Director Joe Ridgeon says farmers and landowners must urgently consider their future if they are to secure their children’s and grandchildren’s inheritance.
So, what can be done to improve the future prospects for current and future generations in an agriculture sector at a crossroads? The key for landowners is thinking longer term. Those who might have lost out in potential development sites in the emerging Northumberland Plan, which is currently being examined, is to start thinking about the next review in in 2024, or even the next plan, which could be 10 – 15 years down the line.
The opportunity to have land allocated for residential development can be an attractive proposition, providing the possibility of long-term financial security. However, engaging with the planning system can be a potential minefield. So, it will be important to maximise success – and secure your inheritance.
There are undoubted opportunities for farmers to develop their plans, no matter what the scale of their site or the size of ambition. The key is to act right now, utilising the advice of a planning specialist, who understands the commercial drivers of developers and house builders, and will help you to explore the options and determine the best way forward.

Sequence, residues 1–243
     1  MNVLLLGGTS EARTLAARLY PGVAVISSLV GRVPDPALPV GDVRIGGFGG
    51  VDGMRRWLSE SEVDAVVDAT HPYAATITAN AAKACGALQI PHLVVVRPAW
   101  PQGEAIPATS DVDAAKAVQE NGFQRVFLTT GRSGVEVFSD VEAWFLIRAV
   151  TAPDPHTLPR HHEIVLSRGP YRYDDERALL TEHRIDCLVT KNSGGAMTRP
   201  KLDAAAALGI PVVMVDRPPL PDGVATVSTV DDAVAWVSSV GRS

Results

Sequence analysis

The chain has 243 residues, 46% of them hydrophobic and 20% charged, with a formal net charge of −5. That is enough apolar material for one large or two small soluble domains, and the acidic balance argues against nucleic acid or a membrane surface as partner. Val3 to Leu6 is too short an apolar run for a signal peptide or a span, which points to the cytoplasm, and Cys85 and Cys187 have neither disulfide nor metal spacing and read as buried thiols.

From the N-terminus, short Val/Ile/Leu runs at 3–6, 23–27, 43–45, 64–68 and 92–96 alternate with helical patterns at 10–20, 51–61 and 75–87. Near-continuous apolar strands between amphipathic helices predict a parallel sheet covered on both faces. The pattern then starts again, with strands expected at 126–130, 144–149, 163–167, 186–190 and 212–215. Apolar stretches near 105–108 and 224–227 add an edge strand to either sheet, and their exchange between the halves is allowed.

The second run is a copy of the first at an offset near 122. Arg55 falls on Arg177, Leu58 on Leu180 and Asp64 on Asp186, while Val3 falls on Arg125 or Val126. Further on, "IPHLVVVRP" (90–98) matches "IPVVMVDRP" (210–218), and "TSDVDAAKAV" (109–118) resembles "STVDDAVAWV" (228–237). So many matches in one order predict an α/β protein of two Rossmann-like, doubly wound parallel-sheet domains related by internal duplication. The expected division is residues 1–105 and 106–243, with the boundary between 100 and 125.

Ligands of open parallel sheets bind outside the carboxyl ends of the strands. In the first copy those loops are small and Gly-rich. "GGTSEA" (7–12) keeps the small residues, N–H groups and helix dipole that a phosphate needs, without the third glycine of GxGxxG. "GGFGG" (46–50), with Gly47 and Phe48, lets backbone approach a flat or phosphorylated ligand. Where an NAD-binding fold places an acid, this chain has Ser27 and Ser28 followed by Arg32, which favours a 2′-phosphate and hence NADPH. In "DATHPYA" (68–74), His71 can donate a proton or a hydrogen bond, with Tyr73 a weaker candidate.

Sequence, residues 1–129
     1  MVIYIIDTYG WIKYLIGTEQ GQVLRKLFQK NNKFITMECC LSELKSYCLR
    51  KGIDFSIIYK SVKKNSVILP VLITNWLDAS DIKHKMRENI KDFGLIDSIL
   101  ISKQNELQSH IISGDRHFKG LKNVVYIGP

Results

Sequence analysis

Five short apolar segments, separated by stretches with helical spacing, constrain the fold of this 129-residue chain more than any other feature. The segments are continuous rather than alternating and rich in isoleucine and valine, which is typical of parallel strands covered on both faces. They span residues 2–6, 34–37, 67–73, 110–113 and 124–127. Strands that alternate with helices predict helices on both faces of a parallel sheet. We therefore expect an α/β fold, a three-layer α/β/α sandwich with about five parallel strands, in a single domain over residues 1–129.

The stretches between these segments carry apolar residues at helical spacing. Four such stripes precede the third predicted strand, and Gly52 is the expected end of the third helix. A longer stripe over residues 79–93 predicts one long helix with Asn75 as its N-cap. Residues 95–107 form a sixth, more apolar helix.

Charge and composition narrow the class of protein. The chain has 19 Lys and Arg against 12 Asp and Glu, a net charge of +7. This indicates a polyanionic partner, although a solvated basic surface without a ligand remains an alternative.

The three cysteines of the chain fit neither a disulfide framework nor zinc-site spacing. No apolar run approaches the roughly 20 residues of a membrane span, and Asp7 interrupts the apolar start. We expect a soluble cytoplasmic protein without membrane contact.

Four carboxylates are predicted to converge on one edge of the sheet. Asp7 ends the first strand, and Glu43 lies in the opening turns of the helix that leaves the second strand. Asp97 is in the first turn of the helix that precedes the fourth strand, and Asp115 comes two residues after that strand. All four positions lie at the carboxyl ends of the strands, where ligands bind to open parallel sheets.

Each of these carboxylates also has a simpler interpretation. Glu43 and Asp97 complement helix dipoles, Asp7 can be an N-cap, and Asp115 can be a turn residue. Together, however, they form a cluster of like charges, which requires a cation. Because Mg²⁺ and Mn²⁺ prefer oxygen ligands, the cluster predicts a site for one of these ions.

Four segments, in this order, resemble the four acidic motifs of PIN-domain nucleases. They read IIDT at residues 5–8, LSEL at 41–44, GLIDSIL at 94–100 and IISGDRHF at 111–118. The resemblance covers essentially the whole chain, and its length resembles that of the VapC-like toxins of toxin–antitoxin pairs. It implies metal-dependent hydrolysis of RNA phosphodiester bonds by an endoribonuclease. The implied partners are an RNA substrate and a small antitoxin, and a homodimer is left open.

If you are contemplating selling land for housing development, even if your site is not currently allocated, it may be appropriate to apply for planning permission. To boost the chances of success, early engagement in the local plan cycle along with the local planning authority, is essential. As planning inspectors are currently mandated to steer local plans through the system, you are unlikely to be successful with any speculative, un-evidenced or late proposals when the plan comes to public examination.
Therefore, in bringing forward a potential residential scheme, it’s important to consider some fundamental concepts under the current National Planning Policy Framework (2019):
- A delivery test – councils must deliver on their housing requirements. Delivery is key and when promoting sites, applicants must show how a site is able to come forward and this must be backed up with appropriate evidence
- Plans must be up to date – councils must review their local plans every five years, presenting an opportunity to further promote sites down the line if they come to the table late on in the planning cycle, or miss out on an allocation the first time of asking
- Support for smaller sites as well as larger scale sites – it’s not just large land holdings that need to be strategically planned. Small and medium sized sites must also be considered by councils
There are undoubted opportunities for farmers to secure an inheritance for future generations through residential development of their land. The key to unlocking a brighter – and more profitable – future is to think differently, open your mind to new ideas, and have an expert by your side.